Heavyweight motorcycle leader Harley-Davidson (NYSE:HOG) has new competitive pressure coming from Polaris' (NYSE:PII) revival of Indian-brand motorcycles. As expected, Harley gave back some market share during its most recent quarter leaving it with a still dominant 54.9%. To continue improving motorcycle sales, the company has focused on growing the diversity of its customer base through marketing and product innovation.
Hit the Street
One of Harley-Davidson's key goals is to grow its U.S. sales to outreach customers at a faster rate than its core demographic of white males over 50 years old. Harley defines its outreach customer segments as young adults aged 18-34, women, African-Americans, and Hispanics.
The company plans to broaden its reach with the new Street 750 and Street 500 motorcycles. These lighter, smaller, and more fuel-efficient motorcycles are designed to support the riding needs of young adults living in urban areas. It features a Revolution X engine that is designed for stop-and-go traffic and is housed in a narrow chassis that offers better agility than a typical Harley-Davidson heavyweight motorcycle.
"These new bikes are leaner, yet still have a mean streak – they're the real deal, made of real steel," said CMO Mark-Hans Richer in a press release, "They're designed to handle the abuses of urban environments and provide authentic opportunities to customize."
The Street is the first all new platform Harley has released in 13 years and should help the company grow market share in its outreach customer segments.
A new Rushmore
Project Rushmore motorcycles rolled out in Aug. 2013 and was the largest new model launch in Harley-Davidson's history. The eight new motorcycles are the first ones to come through the company's newly improved product development pipeline and have sold nearly 28,000 motorcycles since its launch. Project Rushmore made a series of technological and design improvements to Harley's touring bikes that include new electronic controls, bodywork, and aerodynamics among many other changes.
The launch of Project Rushmore came around the same time as Polaris's launch of Indian heavyweight motorcycles. Indian motorcycles have been around as long as Harley-Davidson and the brand has the potential to rival Harley's recognition. In its most recent quarter, Indian single handedly drove Polaris's motorcycle sales up 94%.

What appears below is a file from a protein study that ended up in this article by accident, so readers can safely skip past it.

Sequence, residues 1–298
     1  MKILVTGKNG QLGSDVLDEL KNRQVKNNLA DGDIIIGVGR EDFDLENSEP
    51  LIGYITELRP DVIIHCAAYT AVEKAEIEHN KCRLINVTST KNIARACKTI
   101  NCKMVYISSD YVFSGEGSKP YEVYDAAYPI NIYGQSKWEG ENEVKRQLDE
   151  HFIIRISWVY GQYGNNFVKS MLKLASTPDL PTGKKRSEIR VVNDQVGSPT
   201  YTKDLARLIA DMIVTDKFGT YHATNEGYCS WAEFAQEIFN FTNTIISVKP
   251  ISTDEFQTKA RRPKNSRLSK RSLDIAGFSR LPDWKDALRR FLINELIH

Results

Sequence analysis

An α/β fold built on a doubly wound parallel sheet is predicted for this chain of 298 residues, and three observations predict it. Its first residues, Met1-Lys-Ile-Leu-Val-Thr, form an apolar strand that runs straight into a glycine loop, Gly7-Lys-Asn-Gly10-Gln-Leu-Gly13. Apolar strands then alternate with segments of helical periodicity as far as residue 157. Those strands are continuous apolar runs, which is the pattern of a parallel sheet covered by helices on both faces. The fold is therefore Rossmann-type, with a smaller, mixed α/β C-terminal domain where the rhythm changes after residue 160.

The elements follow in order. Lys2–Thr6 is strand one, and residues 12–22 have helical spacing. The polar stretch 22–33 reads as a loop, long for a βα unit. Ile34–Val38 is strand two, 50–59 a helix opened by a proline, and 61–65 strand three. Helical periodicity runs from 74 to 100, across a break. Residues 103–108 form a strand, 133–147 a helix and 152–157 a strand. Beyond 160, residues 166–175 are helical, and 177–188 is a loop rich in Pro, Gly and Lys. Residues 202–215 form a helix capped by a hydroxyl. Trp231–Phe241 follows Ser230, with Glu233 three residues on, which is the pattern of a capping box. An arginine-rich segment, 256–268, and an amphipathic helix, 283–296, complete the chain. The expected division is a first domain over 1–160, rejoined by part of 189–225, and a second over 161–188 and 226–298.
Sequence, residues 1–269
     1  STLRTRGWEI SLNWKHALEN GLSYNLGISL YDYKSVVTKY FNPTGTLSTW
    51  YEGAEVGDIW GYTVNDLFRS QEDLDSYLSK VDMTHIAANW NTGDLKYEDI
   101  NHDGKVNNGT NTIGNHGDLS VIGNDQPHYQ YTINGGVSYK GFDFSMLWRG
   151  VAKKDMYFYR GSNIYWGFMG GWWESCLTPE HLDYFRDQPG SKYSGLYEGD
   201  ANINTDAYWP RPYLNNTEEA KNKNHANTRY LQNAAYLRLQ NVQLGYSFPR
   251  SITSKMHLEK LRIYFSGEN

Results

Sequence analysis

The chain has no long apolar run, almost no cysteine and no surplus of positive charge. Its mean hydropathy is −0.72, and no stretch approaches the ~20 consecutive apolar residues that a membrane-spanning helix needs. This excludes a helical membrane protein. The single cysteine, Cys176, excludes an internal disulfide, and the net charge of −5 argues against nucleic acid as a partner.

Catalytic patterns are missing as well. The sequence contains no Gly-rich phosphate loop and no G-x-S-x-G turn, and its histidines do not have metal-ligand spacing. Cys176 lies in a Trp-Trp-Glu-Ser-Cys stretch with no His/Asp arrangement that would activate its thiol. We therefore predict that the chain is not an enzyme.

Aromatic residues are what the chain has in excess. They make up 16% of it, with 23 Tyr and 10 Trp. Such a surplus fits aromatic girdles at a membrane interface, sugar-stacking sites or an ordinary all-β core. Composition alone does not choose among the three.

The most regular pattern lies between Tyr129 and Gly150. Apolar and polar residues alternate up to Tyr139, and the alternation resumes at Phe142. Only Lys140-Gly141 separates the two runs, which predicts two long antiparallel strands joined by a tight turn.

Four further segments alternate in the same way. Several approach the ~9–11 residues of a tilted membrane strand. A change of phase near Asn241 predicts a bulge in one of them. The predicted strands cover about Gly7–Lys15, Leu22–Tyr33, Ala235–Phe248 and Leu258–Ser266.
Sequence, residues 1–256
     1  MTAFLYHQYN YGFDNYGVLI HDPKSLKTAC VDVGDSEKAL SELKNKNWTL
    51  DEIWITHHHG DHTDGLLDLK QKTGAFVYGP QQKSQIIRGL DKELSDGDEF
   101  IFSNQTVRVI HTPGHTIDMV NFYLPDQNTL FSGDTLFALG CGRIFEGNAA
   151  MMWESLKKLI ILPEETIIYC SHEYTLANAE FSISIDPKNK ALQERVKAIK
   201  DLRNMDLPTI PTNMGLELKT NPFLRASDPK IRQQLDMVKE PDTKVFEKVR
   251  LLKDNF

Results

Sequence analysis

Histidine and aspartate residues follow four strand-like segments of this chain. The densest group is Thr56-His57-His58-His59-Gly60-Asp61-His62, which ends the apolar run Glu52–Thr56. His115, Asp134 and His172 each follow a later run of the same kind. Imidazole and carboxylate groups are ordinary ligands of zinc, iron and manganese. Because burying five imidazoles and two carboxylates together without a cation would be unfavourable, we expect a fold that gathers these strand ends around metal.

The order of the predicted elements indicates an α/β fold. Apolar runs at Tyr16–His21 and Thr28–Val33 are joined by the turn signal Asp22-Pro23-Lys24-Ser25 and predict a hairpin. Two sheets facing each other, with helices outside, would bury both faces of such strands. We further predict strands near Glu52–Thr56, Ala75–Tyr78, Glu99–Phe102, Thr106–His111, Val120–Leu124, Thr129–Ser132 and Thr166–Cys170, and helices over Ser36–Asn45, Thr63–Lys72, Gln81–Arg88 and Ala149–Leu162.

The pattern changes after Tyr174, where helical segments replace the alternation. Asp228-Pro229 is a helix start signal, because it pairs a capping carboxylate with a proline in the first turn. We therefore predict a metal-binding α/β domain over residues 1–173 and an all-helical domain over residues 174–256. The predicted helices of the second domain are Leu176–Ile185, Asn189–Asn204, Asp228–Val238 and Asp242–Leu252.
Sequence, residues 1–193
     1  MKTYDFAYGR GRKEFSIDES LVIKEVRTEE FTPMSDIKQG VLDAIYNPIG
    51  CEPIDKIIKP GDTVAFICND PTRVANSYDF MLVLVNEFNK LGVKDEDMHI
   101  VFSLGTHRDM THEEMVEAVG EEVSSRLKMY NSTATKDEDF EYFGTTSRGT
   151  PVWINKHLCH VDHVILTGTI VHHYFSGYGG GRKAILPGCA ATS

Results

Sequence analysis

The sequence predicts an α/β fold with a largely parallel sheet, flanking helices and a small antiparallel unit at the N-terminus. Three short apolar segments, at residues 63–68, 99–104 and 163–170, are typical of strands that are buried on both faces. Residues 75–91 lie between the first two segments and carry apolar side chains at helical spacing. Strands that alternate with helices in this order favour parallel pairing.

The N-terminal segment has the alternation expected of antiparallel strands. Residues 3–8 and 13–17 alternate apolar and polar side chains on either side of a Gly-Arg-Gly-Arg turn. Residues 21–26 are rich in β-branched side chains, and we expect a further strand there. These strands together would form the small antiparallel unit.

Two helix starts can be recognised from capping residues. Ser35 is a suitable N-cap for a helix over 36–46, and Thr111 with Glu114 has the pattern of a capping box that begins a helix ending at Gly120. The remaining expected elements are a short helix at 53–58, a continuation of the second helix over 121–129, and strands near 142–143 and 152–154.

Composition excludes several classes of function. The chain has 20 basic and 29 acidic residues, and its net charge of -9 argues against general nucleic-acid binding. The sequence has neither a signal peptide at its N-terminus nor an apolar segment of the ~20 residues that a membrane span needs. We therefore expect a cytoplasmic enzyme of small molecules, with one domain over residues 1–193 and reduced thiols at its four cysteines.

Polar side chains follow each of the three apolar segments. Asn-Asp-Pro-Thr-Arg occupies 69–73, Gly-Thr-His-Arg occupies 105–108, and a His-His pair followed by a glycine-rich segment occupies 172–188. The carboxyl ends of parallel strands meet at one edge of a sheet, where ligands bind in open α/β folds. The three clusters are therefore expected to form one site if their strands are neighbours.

When asked about Indian's recent performance, Harley-Davidson CFO John Olin answered, "So they sold some motorcycles, but nothing outside our expectations at all. So it's what we expected. It hasn't thrown us off our plan at all." While Harley takes all of its competitors seriously, the Indian brand doesn't seem to be worrying the company as it remains focused on its plan to expand market share.
The launch of Indian motorcycles brought more attention to the heavyweight motorcycle industry which is good for everyone in the segment.
During its 2013 fiscal year, Harley-Davidson followed through on one of its key goals when retail sales of motorcycles to outreach customers in the U.S. grew at twice the rate of its core customers. This marked the fifth-straight year that the company was the U.S. market share leader in motorcycles sales to outreach customers.
The company also seems to be thriving through the Polaris launch of Indian motorcycles. It's too early to tell how much of an effect the Indian brand will have on the heavyweight motorcycle market, but Polaris's recent sales increase hasn't worried Harley. With new the Street and Project Rushmore bikes, I think Harley-Davidson is well positioned to expand its hold on the outreach market moving forward. And as Warren Buffett once said, "Any company that gets its customers to tattoo ads on its chest can't be all bad."
Ben Popkin has no position in any stocks mentioned. The Motley Fool recommends Polaris Industries. Try any of our Foolish newsletter services free for 30 days. We Fools may not all hold the same opinions, but we all believe that considering a diverse range of insights makes us better investors. The Motley Fool has a disclosure policy.